As anyone who works with low income, first generation or underrepresented students could tell you, the vast majority of these students lack not only the funds to compete with the 1% but also the “social capital” that greases the wheels of higher education access. Networks of chatty parents sharing new discoveries about demonstrated interest, hooks, gap years, PPY, ED/EDII/EA/EAII/REA, supplemental essays, recommended (not really) tests, super-scoring, super-duper-scoring, test optional/flexible, and a host of other insider secrets help the most informed more easily navigate an increasingly complex system.
After announcing changes in September 2016 and then teasing us with 10 sample questions and an FAQ in January 2017, the DOE finally released two full sample tests in May of 2017. The sample tests were included in the 2017 – 2018 Specialized High School Handbook and I spent the month of June perusing, categorizing, and quantifying the questions contained therein. With that work done (well it was finished in June but I didn’t get motivated to blog until this morning .. thanks Stacey H), I’m here to share all that I know about the changes to the SHSAT for 2017.
Over the past 40 years, the representation of black and Hispanic students in New York City’s top performing high schools has declined sharply and calls for action have become increasingly loud. These calls hit a high note in 2012 when the NAACP filed a legal complaint against the city and reached a crescendo in 2013 when then mayoral candidate Bill de Blasio made bringing change to the Specialized High School Admissions Test (SHSAT) and the specialized high school admissions process the center point of his education platform. As mayor, Mr. de Blasio has continued to point to “expensive test preparation” (or rather the lack of it in certain communities) as a key contributor to the disparity in access to the city’s elite high schools. Unfortunately, when the mayor (and many politicians and educational leaders) discuss test preparation they far too often neglect to actually define what “test preparation” is, who uses it, and what impact it actually has.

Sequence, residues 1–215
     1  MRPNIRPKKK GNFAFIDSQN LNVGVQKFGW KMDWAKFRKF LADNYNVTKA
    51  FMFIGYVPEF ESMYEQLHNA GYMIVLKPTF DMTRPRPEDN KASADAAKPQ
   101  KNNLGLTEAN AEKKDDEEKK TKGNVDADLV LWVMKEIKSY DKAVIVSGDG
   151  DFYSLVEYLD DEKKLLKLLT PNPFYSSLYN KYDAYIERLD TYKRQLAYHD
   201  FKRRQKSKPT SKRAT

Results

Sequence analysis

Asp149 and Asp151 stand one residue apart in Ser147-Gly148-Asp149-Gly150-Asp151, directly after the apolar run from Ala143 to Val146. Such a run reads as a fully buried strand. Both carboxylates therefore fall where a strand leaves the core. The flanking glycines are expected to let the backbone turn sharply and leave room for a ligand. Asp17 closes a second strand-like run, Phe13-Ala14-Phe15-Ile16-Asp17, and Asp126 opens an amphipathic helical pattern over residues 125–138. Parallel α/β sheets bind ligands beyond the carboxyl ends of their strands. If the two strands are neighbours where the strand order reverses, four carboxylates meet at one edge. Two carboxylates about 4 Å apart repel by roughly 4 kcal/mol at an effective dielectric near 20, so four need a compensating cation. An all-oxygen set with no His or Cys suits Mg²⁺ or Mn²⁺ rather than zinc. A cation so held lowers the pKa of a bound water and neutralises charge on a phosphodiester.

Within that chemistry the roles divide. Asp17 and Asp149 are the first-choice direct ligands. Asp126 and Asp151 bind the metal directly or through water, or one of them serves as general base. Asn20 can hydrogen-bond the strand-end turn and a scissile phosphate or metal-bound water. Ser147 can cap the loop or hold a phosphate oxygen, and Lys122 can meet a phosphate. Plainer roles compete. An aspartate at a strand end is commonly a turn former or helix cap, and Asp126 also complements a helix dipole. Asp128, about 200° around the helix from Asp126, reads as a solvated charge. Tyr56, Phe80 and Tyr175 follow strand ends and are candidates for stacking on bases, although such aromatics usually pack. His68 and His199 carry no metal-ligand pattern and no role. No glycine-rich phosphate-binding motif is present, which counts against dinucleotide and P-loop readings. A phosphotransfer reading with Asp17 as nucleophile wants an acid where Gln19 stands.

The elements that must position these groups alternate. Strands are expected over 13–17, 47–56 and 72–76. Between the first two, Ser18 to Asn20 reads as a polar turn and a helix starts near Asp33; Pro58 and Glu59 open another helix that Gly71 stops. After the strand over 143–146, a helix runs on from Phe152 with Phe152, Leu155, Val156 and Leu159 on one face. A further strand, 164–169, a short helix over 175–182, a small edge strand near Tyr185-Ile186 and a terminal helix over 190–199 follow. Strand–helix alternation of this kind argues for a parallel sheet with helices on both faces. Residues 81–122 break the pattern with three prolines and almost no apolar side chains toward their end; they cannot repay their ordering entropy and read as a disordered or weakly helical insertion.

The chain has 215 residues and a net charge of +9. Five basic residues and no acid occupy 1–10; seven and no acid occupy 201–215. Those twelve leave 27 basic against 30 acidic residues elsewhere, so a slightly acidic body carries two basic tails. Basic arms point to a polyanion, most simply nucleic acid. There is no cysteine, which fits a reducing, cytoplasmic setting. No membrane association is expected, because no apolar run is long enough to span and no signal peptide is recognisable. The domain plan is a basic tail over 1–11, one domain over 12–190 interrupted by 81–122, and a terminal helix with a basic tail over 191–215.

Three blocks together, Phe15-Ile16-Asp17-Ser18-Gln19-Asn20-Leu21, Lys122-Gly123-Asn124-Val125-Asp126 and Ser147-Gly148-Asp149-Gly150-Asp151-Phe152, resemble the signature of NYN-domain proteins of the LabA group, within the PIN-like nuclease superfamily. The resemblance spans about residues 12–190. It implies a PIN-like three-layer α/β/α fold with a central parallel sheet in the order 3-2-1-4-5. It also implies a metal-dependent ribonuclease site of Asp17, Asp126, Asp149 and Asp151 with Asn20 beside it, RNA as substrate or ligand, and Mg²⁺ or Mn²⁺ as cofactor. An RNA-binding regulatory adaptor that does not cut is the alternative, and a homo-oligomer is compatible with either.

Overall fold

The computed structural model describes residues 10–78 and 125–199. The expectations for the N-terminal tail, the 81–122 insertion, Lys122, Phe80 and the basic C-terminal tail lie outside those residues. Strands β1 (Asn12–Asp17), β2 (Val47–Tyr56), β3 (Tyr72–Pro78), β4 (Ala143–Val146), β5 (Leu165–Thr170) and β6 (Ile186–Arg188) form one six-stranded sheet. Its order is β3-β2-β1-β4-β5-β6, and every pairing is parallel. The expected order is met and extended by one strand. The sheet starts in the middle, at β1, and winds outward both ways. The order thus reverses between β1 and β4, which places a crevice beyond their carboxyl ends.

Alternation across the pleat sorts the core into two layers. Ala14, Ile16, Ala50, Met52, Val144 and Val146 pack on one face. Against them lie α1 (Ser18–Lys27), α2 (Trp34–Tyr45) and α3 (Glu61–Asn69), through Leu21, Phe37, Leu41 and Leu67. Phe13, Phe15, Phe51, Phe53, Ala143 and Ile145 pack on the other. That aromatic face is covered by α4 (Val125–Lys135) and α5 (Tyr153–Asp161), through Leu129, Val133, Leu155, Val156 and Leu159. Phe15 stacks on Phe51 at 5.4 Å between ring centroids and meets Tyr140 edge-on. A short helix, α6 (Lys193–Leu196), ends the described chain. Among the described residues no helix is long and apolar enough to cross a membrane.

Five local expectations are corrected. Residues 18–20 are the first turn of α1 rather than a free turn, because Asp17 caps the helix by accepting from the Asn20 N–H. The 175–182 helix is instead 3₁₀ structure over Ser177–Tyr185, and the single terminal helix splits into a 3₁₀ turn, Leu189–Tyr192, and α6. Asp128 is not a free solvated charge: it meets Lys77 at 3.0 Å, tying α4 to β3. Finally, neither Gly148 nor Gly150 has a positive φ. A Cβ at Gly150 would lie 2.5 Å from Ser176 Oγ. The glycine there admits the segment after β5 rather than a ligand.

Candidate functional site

As we approach September in NY, I enter that special time of year affectionately know as “fall hell”, when parents of students in every transition grade realize that admission testing is looming and they need to figure it out. Parents of 11th and 12th graders have to think about SAT and FAFSA, parents of 7th and 8th graders are thinking about the ISEE, SSAT, SHSAT, TACHS, COOP, and/or HSPT, parents of 4th and 5th graders are thinking about the SSAT, ISEE and/or Hunter High School exam. This time of year can clearly bring lots of stress and confusion.
In this post, I’ll take on the SHSAT and give a little insight into what makes it what it is. Let’s go…